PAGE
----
Within the past 2-3 years (now age 41), I noticed that I had decreased flexibility in my legs. When trying to do the splits (which I was never very good at anyway) I could only spread my legs 90-100 degrees max when seated on the floor. Sitting cross-legged was difficult and became impossible. When I tried to run again after a tough winter, it felt like I couldn’t kick my legs out far enough for a comfortable stride. Nothing hurt and I wasn’t out of breath, but my stride was uncomfortably short. I didn’t relate this change to my hips until a theater coach who led us in stretching suggested that I have my hips evaluated. Then I remembered what the original doc had told me at 21.

      Mayo Clinic advised that I needed one, perhaps two, hips replaced. As a general rule, MC does not replace two hips simultaneously for young healthy people. I had my first hip replaced on 3/21/18. I need to wait at least three months before the doc would be willing to replace hip #2.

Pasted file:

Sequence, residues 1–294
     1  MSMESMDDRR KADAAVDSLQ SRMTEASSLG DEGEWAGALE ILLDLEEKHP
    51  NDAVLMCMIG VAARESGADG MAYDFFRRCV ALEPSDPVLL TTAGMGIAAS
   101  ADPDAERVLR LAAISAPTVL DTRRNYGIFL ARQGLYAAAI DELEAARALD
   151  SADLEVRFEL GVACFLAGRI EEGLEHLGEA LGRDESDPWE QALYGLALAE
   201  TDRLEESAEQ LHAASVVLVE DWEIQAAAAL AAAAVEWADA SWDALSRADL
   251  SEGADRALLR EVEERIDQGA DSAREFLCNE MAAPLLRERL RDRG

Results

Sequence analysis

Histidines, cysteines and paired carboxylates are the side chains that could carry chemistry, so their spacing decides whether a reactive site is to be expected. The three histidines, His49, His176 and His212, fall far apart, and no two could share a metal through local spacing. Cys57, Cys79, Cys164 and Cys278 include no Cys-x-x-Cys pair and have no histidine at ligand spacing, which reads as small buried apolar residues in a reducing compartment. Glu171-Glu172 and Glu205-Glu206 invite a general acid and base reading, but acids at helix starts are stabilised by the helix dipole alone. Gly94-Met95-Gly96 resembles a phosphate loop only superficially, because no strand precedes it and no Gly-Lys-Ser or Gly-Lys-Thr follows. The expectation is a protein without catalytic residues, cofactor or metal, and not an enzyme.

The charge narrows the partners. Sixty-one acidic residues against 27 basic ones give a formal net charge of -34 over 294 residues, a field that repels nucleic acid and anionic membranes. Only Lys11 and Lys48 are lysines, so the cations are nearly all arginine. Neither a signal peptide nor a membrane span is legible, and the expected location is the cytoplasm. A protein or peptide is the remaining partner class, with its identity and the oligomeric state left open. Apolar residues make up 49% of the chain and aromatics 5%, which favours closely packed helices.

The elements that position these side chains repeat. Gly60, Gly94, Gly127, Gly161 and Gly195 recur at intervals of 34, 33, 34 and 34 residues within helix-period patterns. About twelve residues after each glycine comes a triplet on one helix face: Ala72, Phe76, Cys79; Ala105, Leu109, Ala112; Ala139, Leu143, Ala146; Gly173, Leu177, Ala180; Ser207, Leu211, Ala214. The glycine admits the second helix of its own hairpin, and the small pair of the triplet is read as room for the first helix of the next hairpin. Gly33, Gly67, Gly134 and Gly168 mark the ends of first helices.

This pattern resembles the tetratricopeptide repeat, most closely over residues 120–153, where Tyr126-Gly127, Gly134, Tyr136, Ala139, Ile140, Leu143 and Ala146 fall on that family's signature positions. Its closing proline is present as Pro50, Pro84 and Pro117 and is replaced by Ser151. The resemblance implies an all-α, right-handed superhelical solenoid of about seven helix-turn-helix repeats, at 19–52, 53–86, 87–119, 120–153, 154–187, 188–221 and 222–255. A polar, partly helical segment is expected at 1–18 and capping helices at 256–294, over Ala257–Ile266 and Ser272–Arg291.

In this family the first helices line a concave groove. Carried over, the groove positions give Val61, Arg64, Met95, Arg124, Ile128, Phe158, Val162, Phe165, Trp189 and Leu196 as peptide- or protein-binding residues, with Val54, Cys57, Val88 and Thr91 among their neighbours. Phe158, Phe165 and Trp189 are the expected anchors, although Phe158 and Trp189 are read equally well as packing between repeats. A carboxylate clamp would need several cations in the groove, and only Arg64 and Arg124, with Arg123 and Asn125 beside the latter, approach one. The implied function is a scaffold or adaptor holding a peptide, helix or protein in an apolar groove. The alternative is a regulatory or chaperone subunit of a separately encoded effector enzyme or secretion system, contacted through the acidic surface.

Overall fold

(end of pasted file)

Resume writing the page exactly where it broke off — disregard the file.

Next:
I wanted to share with you the following things:

      1) I, too, wanted to know what caused this, as I am otherwise very healthy. I was told that when young people (under 45) need hip replacements, it is usually because the femur did not develop ideally in childhood. A childhood “defect” of sorts, but not really. Instead of a smooth ball and socket, the ball of the femur is jagged or rough and therefore causes damage and arthritis much earlier than in most folks.

      2) I was told that pain should dictate when I schedule surgery. I actually made the call to have the surgery because I had such substantial limitation of motion over the course of this past year that I wanted to ensure I could continue to be active now. I didn’t want my circumstances to become worse. I interviewed with two doctors and was very upfront that I wanted to run after surgery. The first doctor was not at all sympathetic. The second doctor said, “OK,” and that was that.